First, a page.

Thirty per cent of Scottish sheriff courts failing to meet six-month target for processing cases
Nearly half of Scotland’s sheriff courts are taking longer to process cases than previous year
Glasgow Sheriff Court - Image credit: Daniel via Flickr
Nearly half of Scotland’s sheriff courts are taking longer to process cases than they were a year ago, new figures have revealed.
More than 30 per cent are failing to hit the 26-week target from issuing a caution or charge to reaching a verdict.
That compares to 73 per cent for the same period the previous year, with eight courts failing to get 60 per cent of cases concluded on time.
And of Scotland’s 40 sheriff courts, 19 are taking longer to conclude cases than a year earlier.
Only two courts, Portree and Stornoway, completed all cases within the six-month period and eight courts fell below 60 per cent of cases processed within the target time limit.
The statistics, which were received in response to a parliamentary question by Scottish Conservative chief whip John Lamont, show, in November 2016, 69.8 per cent of cases were dealt with in time, compared to 73.24 per cent in November 2015.
The Scottish Conservatives have suggested that the delays are due to court closures, with one in five sheriff and justice of the peace courts having closed.
Scottish Conservative shadow justice secretary Douglas Ross said: “This is another example of the SNP being warned against making a decision for a number of reasons, but blundering on anyway.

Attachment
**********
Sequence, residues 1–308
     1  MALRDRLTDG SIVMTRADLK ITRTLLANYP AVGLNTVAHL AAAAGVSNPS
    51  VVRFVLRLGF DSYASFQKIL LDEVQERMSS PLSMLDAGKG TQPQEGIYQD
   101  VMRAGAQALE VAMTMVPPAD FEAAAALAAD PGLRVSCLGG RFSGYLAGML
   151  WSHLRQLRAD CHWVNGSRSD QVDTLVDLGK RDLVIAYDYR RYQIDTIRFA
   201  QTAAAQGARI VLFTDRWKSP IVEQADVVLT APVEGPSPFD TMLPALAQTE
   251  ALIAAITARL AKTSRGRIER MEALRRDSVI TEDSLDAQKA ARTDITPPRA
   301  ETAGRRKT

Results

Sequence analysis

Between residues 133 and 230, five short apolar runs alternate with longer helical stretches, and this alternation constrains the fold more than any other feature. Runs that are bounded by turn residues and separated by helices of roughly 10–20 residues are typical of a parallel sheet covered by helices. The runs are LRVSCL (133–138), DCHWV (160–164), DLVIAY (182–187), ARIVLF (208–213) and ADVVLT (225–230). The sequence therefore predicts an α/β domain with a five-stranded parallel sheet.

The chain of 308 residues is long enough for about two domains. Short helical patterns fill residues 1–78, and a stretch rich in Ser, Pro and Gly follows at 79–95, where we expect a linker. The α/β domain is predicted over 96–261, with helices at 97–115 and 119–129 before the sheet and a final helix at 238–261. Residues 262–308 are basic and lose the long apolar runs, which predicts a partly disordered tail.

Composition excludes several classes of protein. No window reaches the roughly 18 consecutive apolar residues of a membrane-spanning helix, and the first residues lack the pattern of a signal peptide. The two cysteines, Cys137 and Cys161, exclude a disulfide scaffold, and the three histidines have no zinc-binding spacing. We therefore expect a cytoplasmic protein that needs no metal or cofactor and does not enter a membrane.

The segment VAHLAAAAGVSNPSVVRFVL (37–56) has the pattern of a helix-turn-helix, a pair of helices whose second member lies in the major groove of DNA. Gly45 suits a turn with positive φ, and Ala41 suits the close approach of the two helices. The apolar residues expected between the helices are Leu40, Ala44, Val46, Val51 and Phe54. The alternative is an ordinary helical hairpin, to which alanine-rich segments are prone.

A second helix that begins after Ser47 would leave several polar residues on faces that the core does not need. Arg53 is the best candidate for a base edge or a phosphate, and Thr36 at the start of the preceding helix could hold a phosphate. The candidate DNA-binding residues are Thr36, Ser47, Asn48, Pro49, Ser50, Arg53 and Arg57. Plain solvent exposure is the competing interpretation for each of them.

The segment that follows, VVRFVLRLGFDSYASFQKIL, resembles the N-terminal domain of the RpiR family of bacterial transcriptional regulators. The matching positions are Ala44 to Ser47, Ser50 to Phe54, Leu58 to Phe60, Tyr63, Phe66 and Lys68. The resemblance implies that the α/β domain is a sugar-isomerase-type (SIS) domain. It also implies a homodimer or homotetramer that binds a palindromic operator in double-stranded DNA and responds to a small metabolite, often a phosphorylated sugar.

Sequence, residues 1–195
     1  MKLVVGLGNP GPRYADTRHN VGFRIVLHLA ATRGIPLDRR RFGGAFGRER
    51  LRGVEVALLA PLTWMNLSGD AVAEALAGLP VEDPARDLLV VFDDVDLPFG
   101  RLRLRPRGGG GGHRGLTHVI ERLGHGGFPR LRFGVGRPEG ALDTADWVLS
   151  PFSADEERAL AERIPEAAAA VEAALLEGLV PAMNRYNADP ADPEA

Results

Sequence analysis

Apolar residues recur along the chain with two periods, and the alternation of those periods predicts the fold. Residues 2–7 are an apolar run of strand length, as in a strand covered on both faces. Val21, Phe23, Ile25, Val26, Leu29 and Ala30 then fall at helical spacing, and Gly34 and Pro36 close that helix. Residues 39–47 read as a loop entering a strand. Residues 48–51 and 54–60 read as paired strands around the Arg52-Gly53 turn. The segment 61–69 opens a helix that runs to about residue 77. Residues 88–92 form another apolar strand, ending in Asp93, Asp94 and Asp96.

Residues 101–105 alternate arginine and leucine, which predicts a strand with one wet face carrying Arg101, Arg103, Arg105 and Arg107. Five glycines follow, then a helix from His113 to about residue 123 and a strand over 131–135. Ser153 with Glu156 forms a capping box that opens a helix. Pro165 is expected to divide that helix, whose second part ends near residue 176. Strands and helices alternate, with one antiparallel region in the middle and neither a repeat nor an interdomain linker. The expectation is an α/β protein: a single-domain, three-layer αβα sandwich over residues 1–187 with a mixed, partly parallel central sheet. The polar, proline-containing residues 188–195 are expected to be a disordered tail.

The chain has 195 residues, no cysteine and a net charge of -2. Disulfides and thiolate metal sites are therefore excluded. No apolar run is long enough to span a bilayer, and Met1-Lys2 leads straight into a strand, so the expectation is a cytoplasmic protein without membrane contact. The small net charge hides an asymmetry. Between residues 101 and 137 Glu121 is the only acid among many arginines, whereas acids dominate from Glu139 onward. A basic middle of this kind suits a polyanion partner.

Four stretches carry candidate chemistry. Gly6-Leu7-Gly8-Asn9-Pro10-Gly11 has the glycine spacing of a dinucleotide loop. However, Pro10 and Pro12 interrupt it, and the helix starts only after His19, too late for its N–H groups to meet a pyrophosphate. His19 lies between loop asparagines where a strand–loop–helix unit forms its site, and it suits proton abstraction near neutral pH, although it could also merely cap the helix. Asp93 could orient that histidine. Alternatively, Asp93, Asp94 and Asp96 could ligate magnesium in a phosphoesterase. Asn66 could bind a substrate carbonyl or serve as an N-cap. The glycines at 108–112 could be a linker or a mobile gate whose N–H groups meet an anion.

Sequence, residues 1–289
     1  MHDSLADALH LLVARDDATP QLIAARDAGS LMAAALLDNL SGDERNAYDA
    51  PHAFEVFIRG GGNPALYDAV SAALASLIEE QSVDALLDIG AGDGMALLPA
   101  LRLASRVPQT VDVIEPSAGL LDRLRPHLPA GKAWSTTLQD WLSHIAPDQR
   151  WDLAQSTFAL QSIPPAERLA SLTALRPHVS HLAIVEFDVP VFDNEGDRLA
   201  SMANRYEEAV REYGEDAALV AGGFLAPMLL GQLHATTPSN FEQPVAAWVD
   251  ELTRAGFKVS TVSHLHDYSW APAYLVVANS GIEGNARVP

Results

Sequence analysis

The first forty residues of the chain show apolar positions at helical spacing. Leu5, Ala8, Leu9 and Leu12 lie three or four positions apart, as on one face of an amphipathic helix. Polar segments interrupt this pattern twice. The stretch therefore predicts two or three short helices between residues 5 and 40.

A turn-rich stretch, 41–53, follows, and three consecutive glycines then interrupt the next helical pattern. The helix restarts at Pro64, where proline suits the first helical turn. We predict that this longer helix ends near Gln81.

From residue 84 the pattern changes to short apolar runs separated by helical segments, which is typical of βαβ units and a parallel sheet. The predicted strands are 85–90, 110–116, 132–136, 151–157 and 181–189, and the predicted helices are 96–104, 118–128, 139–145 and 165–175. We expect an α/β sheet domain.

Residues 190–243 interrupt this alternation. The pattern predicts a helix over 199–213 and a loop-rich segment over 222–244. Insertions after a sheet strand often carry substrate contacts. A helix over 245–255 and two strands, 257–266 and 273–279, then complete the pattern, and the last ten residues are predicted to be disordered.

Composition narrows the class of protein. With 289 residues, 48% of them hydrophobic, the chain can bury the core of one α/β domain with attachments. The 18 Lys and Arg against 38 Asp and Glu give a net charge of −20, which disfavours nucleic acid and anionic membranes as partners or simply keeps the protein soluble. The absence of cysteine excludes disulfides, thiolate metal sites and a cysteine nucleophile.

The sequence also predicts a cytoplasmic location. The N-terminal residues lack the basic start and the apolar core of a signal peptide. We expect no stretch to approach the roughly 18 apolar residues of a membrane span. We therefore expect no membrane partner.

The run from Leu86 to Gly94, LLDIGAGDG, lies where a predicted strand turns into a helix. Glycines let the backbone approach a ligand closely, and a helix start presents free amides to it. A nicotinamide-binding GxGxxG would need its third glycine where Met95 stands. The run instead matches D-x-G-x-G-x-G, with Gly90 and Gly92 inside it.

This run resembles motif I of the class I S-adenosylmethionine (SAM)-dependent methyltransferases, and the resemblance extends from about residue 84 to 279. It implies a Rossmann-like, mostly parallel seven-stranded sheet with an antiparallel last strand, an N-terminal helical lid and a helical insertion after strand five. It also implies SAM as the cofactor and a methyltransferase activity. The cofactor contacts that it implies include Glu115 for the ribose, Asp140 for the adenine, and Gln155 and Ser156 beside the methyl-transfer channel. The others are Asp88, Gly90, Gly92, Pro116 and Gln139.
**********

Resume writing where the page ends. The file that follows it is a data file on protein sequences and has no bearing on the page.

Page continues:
“Now it’s taking longer to get cases through court, and many will feel that’s a direct result of the SNP’s closure programme.
“This doesn’t just have an adverse impact on the staff left to sort this out, but it also creates inconvenience for witnesses and victims of crime.
“Now that the SNP has shut these courts right across the country, the least it could do is ensure those remaining have sufficient resources to see cases through to their conclusion in the target timeframe.”
However, both the Scottish Courts and Tribunals Service and the Scottish Government have stated that the delays are due to the increasing complexity of cases rather than closures.
In a recent interview with Holyrood, Justice Secretary Michael Matheson said: The figures from the Scottish Court and Tribunals Service show that the number of cases which are not able to proceed in court due to a lack of court time, the proportion has actually reduced...[but] what has been a challenge in the court process is the number of cases that are now going to trial has increased, so as we see more cases around domestic violence and sexual violence, with more of these going to trial, they are more complex cases and they take up more court time as a result.”
The House of Commons Justice Committee has suggested a role for the court would be a “price worth paying”
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